I’m going to to kick off the month with a tutorial for taking an old men’s button-down shirt and turning it into a boy’s short-sleeved shirt. This technique is simple and quick, and best of all, removes all of my least favorite things about making boy’s shirts: making the button placket, sewing all those buttons and buttonholes (well, almost) and hemming! This drastically cuts down on the time it takes to complete a shirt which, for me, makes all the difference when it comes to getting it done.
Today I’ll show how to make a basic shirt (above), and tomorrow I’ll show you how to add the western flap pockets (below).
To make this shirt, you will need a retired men’s button-down shirt and some lightweight fusible interfacing as well as the usual sewing equipment. Let’s get started!
T U T O R I A L :
Men’s Shirt -> Boy’s Short-Sleeved Shirt
Hey! Don’t take text or images from this tutorial without permission! Thanks.
Step 1: Make/find your pattern pieces
Nearly every pattern for the basic boy’s short-sleeved shirt consists of four main pieces: the sleeve, the back, the front, and the collar. For this shirt, we’ll just be using the front, back, and sleeve. You can get these pieces by either tracing a boy’s shirt you already have or using a commercial pattern (a few examples: KwikSew 2973, Simplicity 4760, Butterick 3475). I used the Kai Shirt pattern from Heather Ross’ Weekend Sewing; here you can see pieces for the sleeve (top), the front (lower left), and the back (lower right), traced onto tracing paper from their condensed versions in the book.
Step 2: Cut out the front
Lay the men’s shirt on a flat surface, button it up, and smooth out the wrinkles. Find the “center front” on your front pattern piece. This is usually clearly marked on the pattern piece or has X’s where the buttons will go. Position the pattern piece so that this line is directly over the buttons on the men’s shirt. Next move the pattern piece down 1 inch (see line on pattern piece). Why? Since your shirt is already hemmed you don’t need the hem allowance, which is almost always about an inch, give or take (Note: you may also want to pay attention to where the buttons fall on the pattern pieces; perhaps moving the pattern up or down just a little bit more to optimize button location). Trace with a marking pen. Turn the pattern over and repeat for the other front side. Cut these out, being careful not to cut into the back of the shirt.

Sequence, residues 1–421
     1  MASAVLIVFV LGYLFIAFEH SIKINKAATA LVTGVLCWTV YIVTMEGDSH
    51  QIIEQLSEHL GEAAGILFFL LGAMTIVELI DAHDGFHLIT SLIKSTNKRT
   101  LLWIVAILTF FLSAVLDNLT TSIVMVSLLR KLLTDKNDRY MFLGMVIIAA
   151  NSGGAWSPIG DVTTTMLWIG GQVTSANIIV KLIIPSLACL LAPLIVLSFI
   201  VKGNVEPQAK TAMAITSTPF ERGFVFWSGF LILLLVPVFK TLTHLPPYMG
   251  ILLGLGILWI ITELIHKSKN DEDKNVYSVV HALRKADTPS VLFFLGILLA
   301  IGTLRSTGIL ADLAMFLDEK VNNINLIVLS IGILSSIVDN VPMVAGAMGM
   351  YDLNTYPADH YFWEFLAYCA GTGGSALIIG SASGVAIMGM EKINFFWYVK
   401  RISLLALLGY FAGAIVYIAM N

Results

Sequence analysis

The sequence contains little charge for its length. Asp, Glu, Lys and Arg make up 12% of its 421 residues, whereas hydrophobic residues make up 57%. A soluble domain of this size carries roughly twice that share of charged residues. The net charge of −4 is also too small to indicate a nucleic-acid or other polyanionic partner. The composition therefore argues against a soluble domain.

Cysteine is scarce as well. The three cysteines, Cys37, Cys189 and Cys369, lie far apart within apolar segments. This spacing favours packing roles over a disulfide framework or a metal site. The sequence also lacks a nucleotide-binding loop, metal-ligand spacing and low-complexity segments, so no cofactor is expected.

Step 3: Cut the back
Fold the big shirt down the center back. Place the back pattern piece along the fold, shifting it down 1 inch as with the front. Trace and cut out.
Step 4: Cut out sleeve
Smooth out the sleeve. Fold sleeve pattern piece in half and place fold of sleeve directly over fold in sleeve. Again, you don’t need the hem allowance, so move the pattern down so that the sleeve’s edge ends at the pattern’s hem line (Note: the sleeve hem line is usually marked or easy to find by the presence of an angle; I’m pointing to it with the pencil in the picture below).
Step 5: Sew shoulder seams
Take note of the pattern’s seam allowance. Button the two front pieces together. With the right sides facing, sew back to front at shoulders using the specified seam allowance.
Step 6: Mark and measure collar seam line
Trace a line at the neckline seam allowance using a marking pen. Unbutton the shirt and make sure it goes all the way to the edges of the button plackets. Using a tape measure or piece of string, measure this line (it equals the collar length).
Step 7: Cut collar and collar interfacing
Cut out a rectangle on the bias for the collar (note the pattern is diagonal below). The width of the rectangle should be 2″ plus 2 times the seam allowance. The length of the rectangle one inch LONGER than the collar length you just measured
Example: If you measured the collar length to be 14.5″ in Step 6 and the seam allowance was 1/2″:
WIDTH = 2″ + 2(1/2″) = 3″
LENGTH = 1″ + 14.5″ = 15.5″
So you would cut a rectangle 15.5″ x 3″.
Cut a piece of lightweight fusible interfacing 2″ wide by the collar length (so 14.5″ x 2″ in our example). Center the interfacing over the collar fabric and iron to fuse. Note: the collar interfacing is optional, but it prevents the collar from flopping over while worn.
Step 8: Prepare collar
Fold collar in half lengthwise with interfacing out. Mark a curved line beginning 1/2″ from each edge and curving towards center of collar.
Sew along line, back-stitching at each end. Clip along seam and turn right-side-out.
Press, tucking sew allowance under along one side of collar.
Step 9: Attach collar to shirt
Pin collar to right side of neckline, with the folded side of collar facing away from shirt. Sew along seam allowance.
Turn and press collar towards inside of shirt, tucking raw edges into collar.
Pin collar in place. Stitch collar down close to edge.
Step 10: Attach sleeves
With right sides facing, attach sleeves to body of shirt. Press seam towards body of shirt and topstitch (even though it adds time, topstitching really makes it look nice!)
Step 11: Sew side seams
With right sides facing, sew side seams and sleeve underarm seams. Press, turn right-side-out, and admire!
Most men’s shirts have a pretty big gap at the bottom where there is no button. To adapt this to a boy’s shirt, you may have to add another button and buttonhole at the bottom of the shirt (as I did here). If you really loathe buttonholes, you could always sew in a small snap, but in my opinion this is more aesthetically pleasing.
That’s all for today! Tomorrow we’ll add western flap pockets. And don’t forget to head over to MADE to see what Dana’s up to today!